Touch down in Srinagar after the worst floods in living memory

تم النشر: 24 سبتمبر 2014 19:14 CET

By Neeti Sharma, Indian Red Cross Society


It is late in the evening when we touch down at the airport in Srinagar. As part of a Red Cross assessment team, I’m travelling in an Indian Air Force (IAF) plane that carries eight of the Red Cross Water purification machines. In the flood-affected Indian state of Jammu and Kashmir, every piece of relief is needed, especially clean water.

The Indian Red Cross Society has been on the ground since the first hours of the disaster with their trained First Medical Responders (FMR) who have assisted and evacuated more than 2,500 people from the floodwaters. Most of the members of the Red Cross State Branch in Srinagar have been personally affected. They have had to leave their own families stranded on the top storeys of houses or taking refuge in camps set up for the evacuees. Even the Red Cross office has been inundated although the water level is now receding.

Every Medical Responder has a story to tell. Raja Muneeb’s 10-day-old daughter and wife were admitted to a Children’s Hospital in the city but shortly after, water started gushing in. Acting as team leader, with volunteers from the community, Raja managed to evacuate the children and their relatives from the premises and move them to higher ground. Female Medical Responders also played their role and even assisted in two deliveries while evacuation process was ongoing in another affected area.

“There were many people who offered us money and other valuables in return for saving their lives, we told them this is our humanitarian cause,” said Inam Un Nabi, the Red Cross National Disaster Response Team member from the State.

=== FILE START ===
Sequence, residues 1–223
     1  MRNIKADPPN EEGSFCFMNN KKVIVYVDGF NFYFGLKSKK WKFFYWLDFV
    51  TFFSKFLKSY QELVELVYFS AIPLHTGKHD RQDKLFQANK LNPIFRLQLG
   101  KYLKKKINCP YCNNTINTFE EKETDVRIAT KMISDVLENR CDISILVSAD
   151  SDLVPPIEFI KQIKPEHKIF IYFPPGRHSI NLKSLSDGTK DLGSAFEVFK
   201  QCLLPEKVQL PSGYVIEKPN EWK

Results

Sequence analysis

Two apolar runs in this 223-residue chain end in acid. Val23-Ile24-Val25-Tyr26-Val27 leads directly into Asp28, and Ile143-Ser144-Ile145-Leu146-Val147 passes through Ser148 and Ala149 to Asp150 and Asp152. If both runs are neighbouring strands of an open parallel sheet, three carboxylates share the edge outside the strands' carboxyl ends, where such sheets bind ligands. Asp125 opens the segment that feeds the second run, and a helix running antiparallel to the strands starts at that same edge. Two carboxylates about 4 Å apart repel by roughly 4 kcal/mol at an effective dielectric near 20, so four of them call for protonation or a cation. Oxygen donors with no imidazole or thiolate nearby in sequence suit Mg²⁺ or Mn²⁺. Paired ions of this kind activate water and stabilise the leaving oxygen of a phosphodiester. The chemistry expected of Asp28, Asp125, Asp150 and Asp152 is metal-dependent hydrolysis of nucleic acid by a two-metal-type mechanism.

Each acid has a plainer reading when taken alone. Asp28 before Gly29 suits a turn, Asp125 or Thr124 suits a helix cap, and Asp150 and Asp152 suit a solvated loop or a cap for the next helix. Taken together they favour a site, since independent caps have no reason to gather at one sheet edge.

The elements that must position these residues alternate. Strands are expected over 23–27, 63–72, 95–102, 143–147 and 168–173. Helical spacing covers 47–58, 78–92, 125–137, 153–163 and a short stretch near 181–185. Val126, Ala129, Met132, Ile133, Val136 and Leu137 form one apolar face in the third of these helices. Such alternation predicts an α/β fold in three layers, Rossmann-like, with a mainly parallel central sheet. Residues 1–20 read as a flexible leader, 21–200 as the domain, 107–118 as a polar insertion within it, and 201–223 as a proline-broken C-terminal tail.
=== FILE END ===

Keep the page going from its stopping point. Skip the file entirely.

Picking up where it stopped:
Affan Yesvi, coordinator of the First Medical Responders said: “This is what the training prepared us for, yet every disaster and calamity is, to a certain extent unpredictable. It requires nerves of steel to be able to react swiftly and help.”

Throughout the city of Srinagar you can see white Red Cross tents that have been pitched to serve as short term shelter to people in transit around the airport and at various other places where the homes of thousands of people have been washed away. Other relief items. such as blankets, tarpaulin sheets, kitchen sets, and solar lanterns, have been provided by the Indian Red Cross along with its partners, the International Federation of Red Cross and Red Crescent (IFRC) and the International Committee of the Red Cross (ICRC).

Eight water purification units are now installed at Budgaom and Anantnag districts and in other community camps around Srinagar where they are pumping out 150,000 litres of purified water every day.

“Winter is approaching and after more than two weeks of being immersed in stagnant water, the foundations of homes and buildings are weakened. Many are reportedly collapsing and this will mean a massive population that will have nowhere to go for shelter,” says Roma Wani, General Secretary of the Indian Red Cross Society in Jammu and Kashmir. “In such circumstances we have to make sure that the short and long terms needs in the form of shelter, clothing and essential supplies will be provided for.”

Since early September the Indian State of Jammu and Kashmir has suffered severe floods caused by torrential monsoon rains. The floods are reportedly the worst in more than half a century. Large areas of southern Kashmir and the capital Srinagar were submerged and hundreds of thousands of people were marooned in their homes.